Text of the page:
A common optimization practice is to convert all or just the computationally-intensive parts of Python codes to languages such as C/C++. We implemented a C++ version of our algorithm (directly translated) and used it in our post-challenge benchmarking analysis (S1 Appendix). Although the memory footprint for this implementation was comparable to that of the Python implementation, it yielded approximately an order of magnitude reduction in computation time. This computational cost reduction was primarily attributed to the construction of the distance matrix, whereas the computational cost of the clustering itself was comparable in both implementations (this is not surprising, given the underlying implementation of the scipy.cluster.hierarchy.fcluster is written in C). All contest submissions were evaluated relative to the Python (A1) and C++ (A2) benchmarks described above, and the code for both benchmark implementations was provided to the contestants.

We generated datasets of 1K, 5K, 10K and 100K input sequences sampled from true sequences derived from a healthy adult subject and computed their corresponding clustering outputs using the A1 baseline. These data sets are publicly available on Github (S1 Dataset). The output results served as the “gold standards” for evaluating the accuracy of the solutions produced in the competition (S1 Appendix). The training datasets comprised one 1K and one 100K input sequences, the validation datasets comprised two 5K and three 10K input sequences, whereas the testing datasets comprised four 10K and six 100K input sequences. For the given threshold distance, the maximum cluster size for each dataset ranged from 1.6% to 4% of the total number of antibody sequences in the set. The most probable cluster size for each set was unity, however.

Competition outcome.

The competition lasted for 10 days and involved 34 active participants with an average of 7 submissions per participant. All contest submissions were evaluated on a 32 core server with 64GB memory, although the top four solutions utilized only a single core. For the given dataset, a majority of participants had submitted solutions that were significantly more computationally efficient than the A2 benchmark, with the winning solutions being orders of magnitude more efficient.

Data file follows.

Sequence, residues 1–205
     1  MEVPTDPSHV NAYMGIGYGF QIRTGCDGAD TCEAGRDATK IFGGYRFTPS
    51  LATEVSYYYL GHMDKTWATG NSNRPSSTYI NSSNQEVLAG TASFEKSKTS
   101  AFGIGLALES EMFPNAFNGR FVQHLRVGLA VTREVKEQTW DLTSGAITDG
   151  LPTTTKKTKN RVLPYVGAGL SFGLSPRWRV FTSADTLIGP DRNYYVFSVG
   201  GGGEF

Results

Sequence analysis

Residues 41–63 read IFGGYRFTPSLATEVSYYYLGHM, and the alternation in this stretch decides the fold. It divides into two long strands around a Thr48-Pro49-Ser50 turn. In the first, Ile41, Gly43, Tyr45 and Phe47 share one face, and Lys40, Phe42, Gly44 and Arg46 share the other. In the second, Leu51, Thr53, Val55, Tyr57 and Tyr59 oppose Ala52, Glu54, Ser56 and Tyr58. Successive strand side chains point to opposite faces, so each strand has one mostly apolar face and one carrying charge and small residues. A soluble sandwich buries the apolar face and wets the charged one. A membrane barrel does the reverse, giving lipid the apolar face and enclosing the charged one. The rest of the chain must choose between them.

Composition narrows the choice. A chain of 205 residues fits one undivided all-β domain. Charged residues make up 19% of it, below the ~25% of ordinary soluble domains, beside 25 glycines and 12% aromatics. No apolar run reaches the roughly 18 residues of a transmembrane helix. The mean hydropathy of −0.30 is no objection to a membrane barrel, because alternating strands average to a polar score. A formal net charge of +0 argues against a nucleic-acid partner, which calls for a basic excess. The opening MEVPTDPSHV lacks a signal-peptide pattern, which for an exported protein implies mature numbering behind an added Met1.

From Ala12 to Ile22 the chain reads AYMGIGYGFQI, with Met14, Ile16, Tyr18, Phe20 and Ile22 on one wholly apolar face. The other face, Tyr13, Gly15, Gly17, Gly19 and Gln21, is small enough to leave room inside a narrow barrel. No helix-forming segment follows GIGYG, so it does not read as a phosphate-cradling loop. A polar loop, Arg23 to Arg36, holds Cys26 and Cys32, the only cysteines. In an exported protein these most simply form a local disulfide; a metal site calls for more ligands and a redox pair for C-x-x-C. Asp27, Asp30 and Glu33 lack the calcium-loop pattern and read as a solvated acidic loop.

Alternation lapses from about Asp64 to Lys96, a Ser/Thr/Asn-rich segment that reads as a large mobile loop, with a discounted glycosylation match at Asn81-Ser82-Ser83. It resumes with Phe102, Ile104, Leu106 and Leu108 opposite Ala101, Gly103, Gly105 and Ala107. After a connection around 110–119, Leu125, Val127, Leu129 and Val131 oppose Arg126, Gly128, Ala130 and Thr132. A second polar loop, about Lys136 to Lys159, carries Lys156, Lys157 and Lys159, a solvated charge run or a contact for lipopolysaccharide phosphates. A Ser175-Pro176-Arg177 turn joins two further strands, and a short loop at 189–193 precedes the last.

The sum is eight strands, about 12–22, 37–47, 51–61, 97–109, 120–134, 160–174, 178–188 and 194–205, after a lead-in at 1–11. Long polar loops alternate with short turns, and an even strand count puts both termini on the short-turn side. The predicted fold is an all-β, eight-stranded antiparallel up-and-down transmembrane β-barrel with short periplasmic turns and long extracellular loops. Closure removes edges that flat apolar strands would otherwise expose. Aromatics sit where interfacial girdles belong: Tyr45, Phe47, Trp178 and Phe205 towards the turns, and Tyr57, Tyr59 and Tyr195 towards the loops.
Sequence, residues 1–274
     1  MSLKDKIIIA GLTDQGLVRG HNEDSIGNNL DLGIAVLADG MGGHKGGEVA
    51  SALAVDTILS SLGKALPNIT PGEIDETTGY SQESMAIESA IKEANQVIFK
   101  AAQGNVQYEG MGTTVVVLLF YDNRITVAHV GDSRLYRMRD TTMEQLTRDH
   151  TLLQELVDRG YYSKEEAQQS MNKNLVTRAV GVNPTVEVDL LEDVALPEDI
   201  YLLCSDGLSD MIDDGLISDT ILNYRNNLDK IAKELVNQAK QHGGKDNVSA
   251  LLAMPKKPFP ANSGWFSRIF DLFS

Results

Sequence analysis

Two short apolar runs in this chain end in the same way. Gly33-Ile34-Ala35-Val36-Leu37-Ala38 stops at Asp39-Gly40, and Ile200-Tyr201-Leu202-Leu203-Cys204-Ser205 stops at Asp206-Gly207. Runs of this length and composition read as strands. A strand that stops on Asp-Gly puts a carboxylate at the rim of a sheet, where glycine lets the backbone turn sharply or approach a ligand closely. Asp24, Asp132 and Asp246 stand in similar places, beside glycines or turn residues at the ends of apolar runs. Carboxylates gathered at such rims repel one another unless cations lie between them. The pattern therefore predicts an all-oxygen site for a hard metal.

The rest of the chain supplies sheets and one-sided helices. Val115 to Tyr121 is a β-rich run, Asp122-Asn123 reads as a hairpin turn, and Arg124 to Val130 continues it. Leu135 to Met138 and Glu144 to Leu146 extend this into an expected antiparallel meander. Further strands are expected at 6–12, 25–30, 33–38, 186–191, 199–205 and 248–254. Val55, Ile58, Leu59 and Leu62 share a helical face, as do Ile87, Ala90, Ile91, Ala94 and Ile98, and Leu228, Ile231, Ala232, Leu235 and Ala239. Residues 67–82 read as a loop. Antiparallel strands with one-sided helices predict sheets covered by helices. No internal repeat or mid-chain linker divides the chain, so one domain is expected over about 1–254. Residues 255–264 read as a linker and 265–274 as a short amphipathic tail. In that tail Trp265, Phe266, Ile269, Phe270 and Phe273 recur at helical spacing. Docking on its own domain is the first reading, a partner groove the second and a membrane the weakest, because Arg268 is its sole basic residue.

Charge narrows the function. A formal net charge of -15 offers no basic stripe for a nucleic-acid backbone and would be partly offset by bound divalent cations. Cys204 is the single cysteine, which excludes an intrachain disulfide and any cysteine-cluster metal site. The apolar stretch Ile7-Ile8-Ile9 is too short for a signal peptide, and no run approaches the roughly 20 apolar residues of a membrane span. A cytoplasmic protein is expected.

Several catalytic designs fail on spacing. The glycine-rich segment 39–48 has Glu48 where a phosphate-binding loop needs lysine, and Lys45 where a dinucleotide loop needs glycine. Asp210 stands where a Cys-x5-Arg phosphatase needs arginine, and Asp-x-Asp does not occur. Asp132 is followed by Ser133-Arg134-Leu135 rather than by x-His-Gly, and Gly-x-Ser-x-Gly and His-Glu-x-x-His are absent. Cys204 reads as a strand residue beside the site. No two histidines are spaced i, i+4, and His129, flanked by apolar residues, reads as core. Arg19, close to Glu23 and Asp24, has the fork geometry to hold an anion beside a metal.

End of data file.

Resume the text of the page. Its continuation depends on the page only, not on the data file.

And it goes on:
Fig 2 illustrates the computational cost performance of the A1 and A2 benchmarks, along with the performance envelope for the top four performing solutions as a function of the number of input antibody sequences for N up to 1M input sequences. As shown in the figure, all solutions exceeded the 99% accuracy threshold to be considered for prizes (S1 Appendix) with little or no difference in accuracy among the top solutions. In terms of speed improvement, the winning solution was able to perform clustering of 100K sequences in approximately 1.8s on a single core implying a total computational cost reduction (speed-up) of 108,800 when compared to the A1 benchmark. Interestingly, the primary bottleneck for this implementation was no longer clustering but rather file I/O. Neglecting file I/O, which accounted for 85% of the computation time, the effective speedup achieved for clustering over the A1 benchmark was approximately 777,000 for 100K sequences. Further improvement of the winning algorithm was achieved subsequent to the competition, in part by aggressively optimizing the file I/O. The improvements resulted in another 30-fold reduction in the total computational cost of the algorithm (including I/O) on the 100K dataset. For N up to 1M input sequences, the four solutions required less than approximately 17GB memory, with the winning solution requiring only 0.7GB memory.

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Fig 2. Antibody challenge outcomes.